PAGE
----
Last week, I managed to remember my camera. As I drove in, I was treated to the most spectacular view of the garden from across the lake.
California Native Plant Society (CNPS) volunteers who lived nearby. They aim to remove invasive weeds and encourage native species thus creating a wildlife habitat, shade, and a beautiful environment that is sustainable and low maintenance.
Here is a picture of Mary and Susan bringing the water cart through the garden. They remind me of flight attends - "Water anyone?" The young seedlings need to be watered until they have become established.
Our other main job is weeding out the pepper weed and the nap weed. I'm sad to say that my weed identification is better than the non-weed identification... I identify plants on a "need to know" basis. Though I can tell you that the red flowers in the bottom left of the above picture are California Fuschia.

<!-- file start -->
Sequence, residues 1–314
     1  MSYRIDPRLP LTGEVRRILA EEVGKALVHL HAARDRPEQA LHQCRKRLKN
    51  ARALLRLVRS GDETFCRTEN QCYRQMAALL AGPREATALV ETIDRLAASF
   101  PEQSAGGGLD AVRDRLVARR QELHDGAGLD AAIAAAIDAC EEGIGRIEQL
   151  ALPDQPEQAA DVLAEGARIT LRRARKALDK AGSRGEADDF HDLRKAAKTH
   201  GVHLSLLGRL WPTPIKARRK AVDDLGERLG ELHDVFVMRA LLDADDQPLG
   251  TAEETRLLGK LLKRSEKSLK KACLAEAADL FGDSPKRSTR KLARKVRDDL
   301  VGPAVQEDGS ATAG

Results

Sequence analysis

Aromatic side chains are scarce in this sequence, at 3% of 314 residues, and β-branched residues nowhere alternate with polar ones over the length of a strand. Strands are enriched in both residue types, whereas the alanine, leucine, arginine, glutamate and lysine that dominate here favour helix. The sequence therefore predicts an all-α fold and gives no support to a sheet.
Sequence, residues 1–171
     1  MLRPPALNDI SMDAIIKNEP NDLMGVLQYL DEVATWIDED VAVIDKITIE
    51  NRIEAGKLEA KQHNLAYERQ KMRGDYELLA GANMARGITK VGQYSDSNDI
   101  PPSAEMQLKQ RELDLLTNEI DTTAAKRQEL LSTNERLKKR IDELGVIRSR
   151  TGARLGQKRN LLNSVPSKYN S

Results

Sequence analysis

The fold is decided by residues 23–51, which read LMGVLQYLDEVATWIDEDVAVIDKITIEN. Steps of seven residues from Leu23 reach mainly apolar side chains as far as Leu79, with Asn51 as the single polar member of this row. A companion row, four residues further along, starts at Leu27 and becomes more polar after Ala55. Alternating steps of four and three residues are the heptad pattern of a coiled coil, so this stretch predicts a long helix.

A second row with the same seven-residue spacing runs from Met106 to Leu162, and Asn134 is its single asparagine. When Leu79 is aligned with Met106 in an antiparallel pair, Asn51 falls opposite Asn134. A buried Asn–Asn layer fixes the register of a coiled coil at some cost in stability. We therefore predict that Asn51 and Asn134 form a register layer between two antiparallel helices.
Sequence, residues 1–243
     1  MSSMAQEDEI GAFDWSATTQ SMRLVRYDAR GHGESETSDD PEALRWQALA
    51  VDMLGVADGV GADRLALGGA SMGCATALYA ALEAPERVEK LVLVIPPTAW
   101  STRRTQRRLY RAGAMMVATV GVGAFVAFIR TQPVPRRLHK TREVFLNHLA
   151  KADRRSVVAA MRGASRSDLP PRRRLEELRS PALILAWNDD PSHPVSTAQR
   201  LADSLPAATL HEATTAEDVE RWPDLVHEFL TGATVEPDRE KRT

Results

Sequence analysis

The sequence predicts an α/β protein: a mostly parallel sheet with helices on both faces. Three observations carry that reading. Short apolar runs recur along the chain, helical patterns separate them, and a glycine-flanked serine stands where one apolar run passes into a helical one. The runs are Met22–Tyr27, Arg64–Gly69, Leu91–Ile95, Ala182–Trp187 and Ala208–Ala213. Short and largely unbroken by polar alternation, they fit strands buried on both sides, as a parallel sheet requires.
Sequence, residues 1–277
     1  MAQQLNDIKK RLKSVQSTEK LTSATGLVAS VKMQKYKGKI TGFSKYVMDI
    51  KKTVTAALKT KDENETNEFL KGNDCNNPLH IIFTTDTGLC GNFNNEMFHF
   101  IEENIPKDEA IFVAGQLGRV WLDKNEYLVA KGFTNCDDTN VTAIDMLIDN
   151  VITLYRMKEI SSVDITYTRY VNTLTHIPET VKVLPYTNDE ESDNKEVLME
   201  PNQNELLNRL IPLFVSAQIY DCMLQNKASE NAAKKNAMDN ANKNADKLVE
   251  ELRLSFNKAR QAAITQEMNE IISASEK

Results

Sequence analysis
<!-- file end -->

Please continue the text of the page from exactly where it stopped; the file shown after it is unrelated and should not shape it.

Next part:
And here is a close up.
Bees and butterflies also love Buckwheat which is in abundance in the native plant garden too.
Most, if not all, of the plants in a native plant garden provide food for beneficial insects, attracting birds, reptiles and mammals, and boosting a diverse ecosystem.
|Look at how he drinks the nectar as if he has a straw in a milkshake!|
The garden - being near the lake has some native bull rushes too.
It is right across the lake from the Raging Waters water slide park - though there is nothing raging about the water in this shot!
It's nice to be able to soak in the tranquility of the native plant garden.
Even if at times you get that creepy feeling that you are being watched...
If you live nearby and would like to get involved, please drop down any Wednesday morning between 9 and noon. We'd love some extra help, and you will learn a lot about native gardening from Susan - free of charge!
And if you don't live nearby, perhaps you could think about starting a community native plant garden where you live. The CNPS website can give you information on this too.